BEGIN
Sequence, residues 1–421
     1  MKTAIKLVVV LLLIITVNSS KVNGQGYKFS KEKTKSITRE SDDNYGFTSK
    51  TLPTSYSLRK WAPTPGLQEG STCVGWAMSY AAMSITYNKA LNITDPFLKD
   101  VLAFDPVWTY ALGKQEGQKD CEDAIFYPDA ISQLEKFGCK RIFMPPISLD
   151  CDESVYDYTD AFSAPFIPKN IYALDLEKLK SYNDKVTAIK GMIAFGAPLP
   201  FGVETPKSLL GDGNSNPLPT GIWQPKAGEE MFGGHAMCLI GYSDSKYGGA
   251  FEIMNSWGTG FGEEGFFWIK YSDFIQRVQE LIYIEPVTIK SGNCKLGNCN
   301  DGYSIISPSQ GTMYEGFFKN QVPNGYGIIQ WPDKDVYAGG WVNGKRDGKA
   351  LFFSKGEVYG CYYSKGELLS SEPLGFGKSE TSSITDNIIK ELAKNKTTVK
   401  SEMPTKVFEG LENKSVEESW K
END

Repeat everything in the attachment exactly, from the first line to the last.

Sequence, residues 1–421
     1  MKTAIKLVVV LLLIITVNSS KVNGQGYKFS KEKTKSITRE SDDNYGFTSK
    51  TLPTSYSLRK WAPTPGLQEG STCVGWAMSY AAMSITYNKA LNITDPFLKD
   101  VLAFDPVWTY ALGKQEGQKD CEDAIFYPDA ISQLEKFGCK RIFMPPISLD
   151  CDESVYDYTD AFSAPFIPKN IYALDLEKLK SYNDKVTAIK GMIAFGAPLP
   201  FGVETPKSLL GDGNSNPLPT GIWQPKAGEE MFGGHAMCLI GYSDSKYGGA
   251  FEIMNSWGTG FGEEGFFWIK YSDFIQRVQE LIYIEPVTIK SGNCKLGNCN
   301  DGYSIISPSQ GTMYEGFFKN QVPNGYGIIQ WPDKDVYAGG WVNGKRDGKA
   351  LFFSKGEVYG CYYSKGELLS SEPLGFGKSE TSSITDNIIK ELAKNKTTVK
   401  SEMPTKVFEG LENKSVEESW K